Wall Street sank Friday, as investors sifted through a series of downbeat economic reports, but drug makers including Johnson & Johnson and Merck & Co. got a boost as Congress neared an agreement on Medicare prescription legislation. The market’s three major stock indexes ended a choppy week with a decline.
The economic reports included a drop in consumer spending, which followed a glum holiday season forecast from Wal-Mart Stores Inc. on Thursday, and an up tick in inflation at the wholesale level during October.
“Advance retail sales weren’t so good,” said Brian Williamson, an equity trader at The Boston Company Asset Management. “Retailers are a little worried about holiday shopping, they’re worried about their profits, so this number confirmed what we saw yesterday.”
The Dow Jones industrial average ended the day down 69.26 points, or 0.7 percent, at 9,768.68, losing 0.4 percent for the week.
The broader gauges also fell. The Nasdaq composite index closed down 37.09 points, or 1.9 percent, at 1,930.26, for a weekly loss of 2.1 percent. And the Standard & Poor’s 500-stock index closed down 8.06 points, or 0.8 percent, at 1,050.35, for a weekly decline of 0.3 percent.
This was the market’s first down week in three. It saw moderate declines four days out of five amid concerns about the economy, but a solid advance on Wednesday during a brief burst of optimism about high-tech sales.
A Commerce Department report Friday showed that Americans cut their spending in October, depressing retail sales for a second month in a row. The news exacerbated investors concerns after Wal-Mart, the world’s largest retailer, said Thursday it was cautious about the outlook for the fourth quarter.
Williamson said investors also were concerned that interest rates could go up faster than expected after a government report suggested inflation was on the rise. The Labor Department said wholesale prices were up 0.8 percent in October, the largest increase in seven months. Economists forecast a rise of just 0.2 percent.
A turnaround in inflation could motivate the Federal Reserve to raise rates.
Also Friday, the Fed reported that industrial production rose by 0.2 percent in October, down from a 0.5 percent gain in September. October’s increase was half the size of the 0.4 percent increase economists expected.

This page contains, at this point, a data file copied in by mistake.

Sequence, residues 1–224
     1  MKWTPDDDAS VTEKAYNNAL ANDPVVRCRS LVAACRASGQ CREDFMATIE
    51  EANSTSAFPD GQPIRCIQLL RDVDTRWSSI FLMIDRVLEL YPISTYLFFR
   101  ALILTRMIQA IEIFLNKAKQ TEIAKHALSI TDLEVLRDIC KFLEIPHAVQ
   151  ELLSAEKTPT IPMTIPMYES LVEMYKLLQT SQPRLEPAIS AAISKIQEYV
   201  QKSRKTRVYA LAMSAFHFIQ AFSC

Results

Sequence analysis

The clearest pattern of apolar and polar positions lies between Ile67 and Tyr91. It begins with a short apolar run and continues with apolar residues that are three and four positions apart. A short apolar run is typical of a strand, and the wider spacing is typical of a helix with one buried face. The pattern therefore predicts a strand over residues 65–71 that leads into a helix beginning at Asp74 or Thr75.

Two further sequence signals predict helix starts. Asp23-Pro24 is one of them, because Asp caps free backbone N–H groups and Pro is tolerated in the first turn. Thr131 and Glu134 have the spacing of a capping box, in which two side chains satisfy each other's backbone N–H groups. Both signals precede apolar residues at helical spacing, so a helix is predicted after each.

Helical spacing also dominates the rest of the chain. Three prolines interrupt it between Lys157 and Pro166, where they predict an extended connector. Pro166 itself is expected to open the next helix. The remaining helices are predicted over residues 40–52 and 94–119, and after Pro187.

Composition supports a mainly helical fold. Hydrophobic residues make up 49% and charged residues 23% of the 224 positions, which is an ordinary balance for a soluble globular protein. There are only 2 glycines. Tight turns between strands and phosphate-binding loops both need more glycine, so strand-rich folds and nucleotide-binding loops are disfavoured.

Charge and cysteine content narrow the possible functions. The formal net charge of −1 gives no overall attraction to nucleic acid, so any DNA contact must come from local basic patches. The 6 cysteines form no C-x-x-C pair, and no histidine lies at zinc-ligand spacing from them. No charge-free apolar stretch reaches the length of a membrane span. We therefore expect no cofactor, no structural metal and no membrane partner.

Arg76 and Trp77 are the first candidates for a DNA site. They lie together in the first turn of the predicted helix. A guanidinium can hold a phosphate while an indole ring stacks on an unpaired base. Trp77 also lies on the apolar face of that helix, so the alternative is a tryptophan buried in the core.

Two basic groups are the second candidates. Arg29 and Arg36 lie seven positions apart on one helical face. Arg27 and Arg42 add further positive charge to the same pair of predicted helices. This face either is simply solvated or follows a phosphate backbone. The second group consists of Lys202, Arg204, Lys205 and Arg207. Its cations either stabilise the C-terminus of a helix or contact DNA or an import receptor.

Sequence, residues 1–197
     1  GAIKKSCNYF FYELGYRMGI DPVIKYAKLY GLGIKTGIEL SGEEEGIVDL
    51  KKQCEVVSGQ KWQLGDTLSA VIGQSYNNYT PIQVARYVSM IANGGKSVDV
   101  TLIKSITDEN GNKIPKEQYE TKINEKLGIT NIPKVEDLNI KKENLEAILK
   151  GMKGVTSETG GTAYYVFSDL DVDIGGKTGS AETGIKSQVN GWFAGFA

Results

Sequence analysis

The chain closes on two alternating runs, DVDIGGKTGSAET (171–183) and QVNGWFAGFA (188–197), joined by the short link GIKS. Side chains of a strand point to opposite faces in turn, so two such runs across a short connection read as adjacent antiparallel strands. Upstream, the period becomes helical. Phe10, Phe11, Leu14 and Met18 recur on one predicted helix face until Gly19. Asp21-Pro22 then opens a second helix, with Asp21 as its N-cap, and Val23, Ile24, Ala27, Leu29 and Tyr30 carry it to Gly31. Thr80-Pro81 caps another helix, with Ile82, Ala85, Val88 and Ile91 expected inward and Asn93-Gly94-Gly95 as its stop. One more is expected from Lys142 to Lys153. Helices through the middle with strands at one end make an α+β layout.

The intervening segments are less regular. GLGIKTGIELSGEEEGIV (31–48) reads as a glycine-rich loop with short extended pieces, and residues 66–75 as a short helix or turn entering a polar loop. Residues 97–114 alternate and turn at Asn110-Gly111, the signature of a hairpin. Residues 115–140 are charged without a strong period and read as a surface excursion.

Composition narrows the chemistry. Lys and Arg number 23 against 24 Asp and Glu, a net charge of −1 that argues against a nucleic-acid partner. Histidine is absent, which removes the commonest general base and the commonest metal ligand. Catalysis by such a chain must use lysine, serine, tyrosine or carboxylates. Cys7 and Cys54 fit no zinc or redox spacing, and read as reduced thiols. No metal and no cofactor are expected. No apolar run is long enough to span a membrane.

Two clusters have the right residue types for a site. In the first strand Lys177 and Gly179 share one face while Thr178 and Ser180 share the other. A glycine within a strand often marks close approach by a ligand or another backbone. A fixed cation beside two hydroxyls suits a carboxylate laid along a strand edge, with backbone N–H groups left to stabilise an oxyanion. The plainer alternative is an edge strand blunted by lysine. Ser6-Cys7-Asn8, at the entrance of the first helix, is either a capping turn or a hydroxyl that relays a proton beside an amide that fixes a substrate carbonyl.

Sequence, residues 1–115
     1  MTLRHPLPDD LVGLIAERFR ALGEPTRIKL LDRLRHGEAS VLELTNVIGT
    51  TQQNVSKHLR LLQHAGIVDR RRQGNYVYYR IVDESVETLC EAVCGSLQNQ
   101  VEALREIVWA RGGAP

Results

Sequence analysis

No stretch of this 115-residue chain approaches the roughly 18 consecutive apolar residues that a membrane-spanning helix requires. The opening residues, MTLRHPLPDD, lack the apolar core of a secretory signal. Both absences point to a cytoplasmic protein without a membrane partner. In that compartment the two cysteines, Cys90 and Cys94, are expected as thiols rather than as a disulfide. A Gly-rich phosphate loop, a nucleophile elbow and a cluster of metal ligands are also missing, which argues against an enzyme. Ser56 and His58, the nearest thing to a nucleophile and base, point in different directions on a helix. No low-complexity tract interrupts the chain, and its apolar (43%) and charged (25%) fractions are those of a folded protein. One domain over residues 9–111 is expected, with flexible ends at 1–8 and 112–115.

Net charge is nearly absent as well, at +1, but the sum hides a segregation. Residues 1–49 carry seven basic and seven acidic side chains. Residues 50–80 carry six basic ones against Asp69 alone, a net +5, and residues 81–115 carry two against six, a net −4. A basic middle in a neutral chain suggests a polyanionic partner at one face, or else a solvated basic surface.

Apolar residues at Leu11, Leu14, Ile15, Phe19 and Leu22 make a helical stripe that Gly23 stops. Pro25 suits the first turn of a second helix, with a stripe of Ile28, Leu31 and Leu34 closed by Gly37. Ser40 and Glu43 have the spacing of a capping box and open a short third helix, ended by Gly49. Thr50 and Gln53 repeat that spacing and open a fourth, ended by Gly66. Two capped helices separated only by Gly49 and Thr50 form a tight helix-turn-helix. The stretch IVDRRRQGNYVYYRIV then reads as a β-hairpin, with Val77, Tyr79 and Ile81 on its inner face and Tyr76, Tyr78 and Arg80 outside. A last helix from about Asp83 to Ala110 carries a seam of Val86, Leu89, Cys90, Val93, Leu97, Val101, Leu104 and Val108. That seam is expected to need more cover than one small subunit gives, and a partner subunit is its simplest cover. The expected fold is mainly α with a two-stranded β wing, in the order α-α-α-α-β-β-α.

Some positive news came from a survey by the University of Michigan that showed that consumers have become more optimistic about the economy so far this month. The university’s consumer sentiment index increased to 93.5 for the first half of November, according to Dow Jones Newswires. Wall Street had expected a mid-November reading of 91.0.
Although stocks ended the day with declines, investors were not altogether discouraged. The major indexes managed gains for part of the session, and analysts were pleased that the drop wasn’t more severe.
“We’ve had a good run, so seeing the market react this way is very positive,” said Bob Dickey, managing director of technical analysis at RBC Dain Rauscher in Minneapolis. “I think the big thing people are missing here is that earnings have been improving the last six quarters in a row, and that is what’s driving this market. ... The overriding fact is optimism is growing.”
Pharmaceutical stocks saw gains Friday as congressional negotiations on a $400 billion Medicare drug plan appeared close to a conclusion. Johnson & Johnson ended the day up $2.02, or 4 percent, at $52.12. Merck & Co. was up 78 cents at $46.58.
Portal Software Inc. closed down $6.86, of 45 percent, at $8.40, after cutting its forecast for next year, to the disappointment of analysts. J.P. Morgan downgraded the business software maker from neutral to underweight.
Dell Inc. lost 40 cents, closing the day at $35.24 after reporting a 21 percent increase in third-quarter earnings, citing significant growth in key European and Asian markets. The results matched analyst expectations.
Liberty Media Corp. ended the day down 3 cents at $10.00 after reporting an 86 percent rise in third-quarter net income, mostly due to new revenue from QVC Inc.
Decliners outnumbered advancers about 3 to 2 on the New York Stock Exchange. Volume was lighter.
The Russell 2000 index, which tracks smaller company stocks, closed down 8.24 points, or 1.5 percent, at 532.96.
Overseas, Japan’s Nikkei stock average finished 1.1 percent higher Thursday. In Europe, France’s CAC-40 was up 1.1 percent, Britain’s FTSE 100 was up 0.6 percent and Germany’s DAX index was up 0.8 percent.